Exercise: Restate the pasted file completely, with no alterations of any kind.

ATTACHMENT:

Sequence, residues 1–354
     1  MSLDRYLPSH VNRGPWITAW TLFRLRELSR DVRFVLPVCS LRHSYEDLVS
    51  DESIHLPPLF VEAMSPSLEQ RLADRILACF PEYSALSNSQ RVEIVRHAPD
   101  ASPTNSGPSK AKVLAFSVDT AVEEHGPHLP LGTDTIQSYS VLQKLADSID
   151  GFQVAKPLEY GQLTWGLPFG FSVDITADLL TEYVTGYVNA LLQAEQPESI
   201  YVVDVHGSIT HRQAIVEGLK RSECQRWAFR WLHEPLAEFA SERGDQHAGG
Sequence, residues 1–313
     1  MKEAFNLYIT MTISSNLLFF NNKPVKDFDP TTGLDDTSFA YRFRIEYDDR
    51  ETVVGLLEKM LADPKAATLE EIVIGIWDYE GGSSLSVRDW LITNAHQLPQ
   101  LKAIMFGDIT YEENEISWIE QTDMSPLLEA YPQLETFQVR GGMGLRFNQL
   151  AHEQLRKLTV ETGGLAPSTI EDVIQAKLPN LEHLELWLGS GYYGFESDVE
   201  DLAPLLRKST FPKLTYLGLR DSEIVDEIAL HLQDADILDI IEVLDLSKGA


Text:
Sequence, residues 1–354
     1  MSLDRYLPSH VNRGPWITAW TLFRLRELSR DVRFVLPVCS LRHSYEDLVS
    51  DESIHLPPLF VEAMSPSLEQ RLADRILACF PEYSALSNSQ RVEIVRHAPD
   101  ASPTNSGPSK AKVLAFSVDT AVEEHGPHLP LGTDTIQSYS VLQKLADSID
   151  GFQVAKPLEY GQLTWGLPFG FSVDITADLL TEYVTGYVNA LLQAEQPESI
   201  YVVDVHGSIT HRQAIVEGLK RSECQRWAFR WLHEPLAEFA SERGDQHAGG
Sequence, residues 1–313
     1  MKEAFNLYIT MTISSNLLFF NNKPVKDFDP TTGLDDTSFA YRFRIEYDDR
    51  ETVVGLLEKM LADPKAATLE EIVIGIWDYE GGSSLSVRDW LITNAHQLPQ
   101  LKAIMFGDIT YEENEISWIE QTDMSPLLEA YPQLETFQVR GGMGLRFNQL
   151  AHEQLRKLTV ETGGLAPSTI EDVIQAKLPN LEHLELWLGS GYYGFESDVE
   201  DLAPLLRKST FPKLTYLGLR DSEIVDEIAL HLQDADILDI IEVLDLSKGA